Scroll for updates…The Friday night cave-in is about to begin…Collins (202) 224-2523 Snowe (202) 224-5344 Voinovich (202) 224-3353 Specter (202) 224-4254…If you make just one call, make it Specter’s office. I’m told that he is the ringleader making this happen…Give him hell…
From both Capitol Hill staff reports and reader e-mails, the phones have been melting down in Washington — and not from Americans who are enthralled with the idea of stealing $1 trillion from future generations for a Crap Sandwich Supreme. If you can’t get through the first time, try, try again.
My friends at TCOT Report have a handy list of contact information — including fax numbers — for several of the Senate GOP wobblers here. And you can get all the House members’ e-mail addresses here or here.
B.O. Republican Sen. Arlen Specter told Fox this morning that a “bipartisan” group is conspiring right now to make token cuts to the bill and push a compromise through. More on the “moderate” effort to make token cuts to the behemoth spending package here.
President Obama has ramped up his fear-mongering rhetoric. Time for you to ramp up your voices.
Lunchtime update. Speak now or forever hold your piece. Yesterday, I identified the Senate GOP’s Queasy Quartet — the stimulus wobblers — who are now colluding with the Dems to get the bill passed tonight.
Now, read this just in from Roll Call on the latest negotiations:
Bipartisan negotiators are close to an agreement to cut more than $100 billion from the Senate’s economic stimulus bill, but a handful of Republicans are still holding out for assurances that the spending that remains in the package will be temporary.
Just before noon on Friday, Sen. Ben Nelson (D-Neb.) emerged from Senate Majority Leader Harry Reid’s (D-Nev.) office and said the key to announcing any deal will be persuading four Senate Republican negotiators to sign onto the amendment. The Republicans who Democrats are trying to strike an accord with include moderate Sens. Susan Collins (Maine), Olympia Snowe (Maine), George Voinovich (Ohio), and Arlen Specter (Pa.). Collins has served as the lead GOP negotiator.
Nelson said that the bulk of the work on the amendment has been completed and that the proposal they will offer would trim more than $100 billion from the more than $920 billion measure.
Nelson said the group is trying to craft language ensuring that any increased spending to states or on federal programs would not become permanent.
The amendment calling for massive cuts to the more than $900 billion bill has become crucial to the measure’s ultimate passage, given that many Democrats and several Republicans have said they cannot support the bill without a cut to the price. Democrats need 60 votes to overcome procedural hurdles and pass the bill, meaning they will need the support of all 58 Members of the Democratic Conference and at least two Republicans.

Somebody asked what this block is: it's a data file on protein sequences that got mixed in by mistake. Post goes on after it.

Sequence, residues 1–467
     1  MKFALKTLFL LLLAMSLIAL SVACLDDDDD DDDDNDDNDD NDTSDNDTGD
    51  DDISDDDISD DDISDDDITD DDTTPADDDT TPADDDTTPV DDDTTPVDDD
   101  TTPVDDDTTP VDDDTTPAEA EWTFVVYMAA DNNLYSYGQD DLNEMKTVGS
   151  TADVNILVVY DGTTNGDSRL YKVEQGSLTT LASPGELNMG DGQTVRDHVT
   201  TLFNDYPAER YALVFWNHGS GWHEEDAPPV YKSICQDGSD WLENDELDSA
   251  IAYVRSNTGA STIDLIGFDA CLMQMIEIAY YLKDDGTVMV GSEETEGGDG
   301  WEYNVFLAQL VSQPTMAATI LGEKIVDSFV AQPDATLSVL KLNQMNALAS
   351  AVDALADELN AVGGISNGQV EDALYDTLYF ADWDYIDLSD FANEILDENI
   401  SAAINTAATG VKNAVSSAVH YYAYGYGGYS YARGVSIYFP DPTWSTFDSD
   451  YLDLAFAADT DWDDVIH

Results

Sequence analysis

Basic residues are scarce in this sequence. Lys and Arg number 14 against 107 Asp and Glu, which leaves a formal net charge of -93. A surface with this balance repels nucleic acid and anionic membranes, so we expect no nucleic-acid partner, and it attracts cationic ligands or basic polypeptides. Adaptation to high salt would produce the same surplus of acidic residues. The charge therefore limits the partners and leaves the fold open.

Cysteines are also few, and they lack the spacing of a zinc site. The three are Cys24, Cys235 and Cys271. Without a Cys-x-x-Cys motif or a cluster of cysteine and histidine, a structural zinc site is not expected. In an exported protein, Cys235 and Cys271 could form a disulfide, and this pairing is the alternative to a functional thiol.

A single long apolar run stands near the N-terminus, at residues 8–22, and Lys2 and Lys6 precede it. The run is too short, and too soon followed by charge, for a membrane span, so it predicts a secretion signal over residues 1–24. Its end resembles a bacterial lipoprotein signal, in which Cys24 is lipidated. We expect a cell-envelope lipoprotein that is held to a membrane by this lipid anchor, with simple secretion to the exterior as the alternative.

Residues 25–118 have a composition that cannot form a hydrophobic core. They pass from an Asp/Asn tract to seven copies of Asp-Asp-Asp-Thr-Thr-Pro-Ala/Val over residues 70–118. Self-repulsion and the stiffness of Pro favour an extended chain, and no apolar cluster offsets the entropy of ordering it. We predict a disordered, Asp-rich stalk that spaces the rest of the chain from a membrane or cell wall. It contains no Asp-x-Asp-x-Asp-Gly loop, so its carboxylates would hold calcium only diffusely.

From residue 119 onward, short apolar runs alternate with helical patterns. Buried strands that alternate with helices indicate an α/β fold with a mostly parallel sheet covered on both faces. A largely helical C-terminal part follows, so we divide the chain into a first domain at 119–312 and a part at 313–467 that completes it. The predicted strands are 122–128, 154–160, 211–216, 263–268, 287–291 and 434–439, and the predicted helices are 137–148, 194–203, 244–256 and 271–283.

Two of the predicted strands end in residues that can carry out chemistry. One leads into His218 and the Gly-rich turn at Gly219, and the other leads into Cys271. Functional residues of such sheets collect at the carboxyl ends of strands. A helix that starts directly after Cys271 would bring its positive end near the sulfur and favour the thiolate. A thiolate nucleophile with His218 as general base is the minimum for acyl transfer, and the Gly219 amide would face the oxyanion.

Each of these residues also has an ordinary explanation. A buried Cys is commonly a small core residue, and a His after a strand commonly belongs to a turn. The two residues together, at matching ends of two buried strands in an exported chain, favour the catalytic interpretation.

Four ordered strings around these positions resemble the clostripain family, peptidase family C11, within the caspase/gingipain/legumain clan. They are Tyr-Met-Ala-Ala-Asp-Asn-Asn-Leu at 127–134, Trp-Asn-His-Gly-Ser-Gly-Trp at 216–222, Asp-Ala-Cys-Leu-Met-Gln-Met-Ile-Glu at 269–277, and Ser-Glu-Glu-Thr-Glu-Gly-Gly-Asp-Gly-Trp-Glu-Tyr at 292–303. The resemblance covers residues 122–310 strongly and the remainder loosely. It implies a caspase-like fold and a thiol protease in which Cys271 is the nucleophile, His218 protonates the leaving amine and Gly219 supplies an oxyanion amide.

Though Democrats are uneasy with the hefty cuts to education and other programs in the negotiators’ amendment, it appears they are likely to vote for the proposal in order to get the bill into conference with the House, where adjustments can be made.
Sen. Bob Menendez (D-N.J.) said he expects Democrats will “vote for the amendment with the understanding that it’s moving the process along.”
Earlier Friday, Reid prodded bipartisan negotiators to finish work quickly on the amendment so that the Senate could complete work on the measure later in the day.
“We’re nearing the time when negotiations must be completed and action must begin,” Reid said on the floor Friday morning. “So I urge my colleagues, both Democrats and Republicans, to dedicate this day to responsibly passing this legislation and sending it to the president.”
He added that he hoped to have the bipartisan amendment ready to vote on between 5 p.m. and 7 p.m.
“We’re going to be able to work something out. I feel very comfortable that we can do that,” he said.
Voinovich drops out. And then there were three…
Sen. George Voinovich (R-Ohio) has pulled out of negotiations on a bipartisan compromise on the Senate’s economic stimulus bill.
Three Republicans — Sens. Susan Collins (Maine), Olympia Snowe (Maine) and Arlen Specter (Pa.) — continue to negotiate with Democrats, but Voinovich’s departure could make it more difficult for Democrats to reach the 60 votes they need to pass the bill.
Voinovich left a meeting in Senate Majority Leader Harry Reid’s (D-Nev.) office around 2:30 p.m., saying he did not believe there was a deal he could agree to on an amendment that would cut as much as $100 billion from the more than $920 billion measure.
“I’ve really tried to work on this, but the three things that it should be timely, that it should be temporary and it should be targeted, that was something that I looked at,” Voinovich said. “It just doesn’t meet my criteria, and I feel very sorry because I think the Majority Leader has his responsibility, and he’s got his Members that he has to take care of.”
Voinovich said he could not get past his objections to fund school construction in the bill, and he wanted the measure to include more money for highway construction.
“They can’t seem to get it through there that right now what we need is a program that will create jobs,” Voinovich said.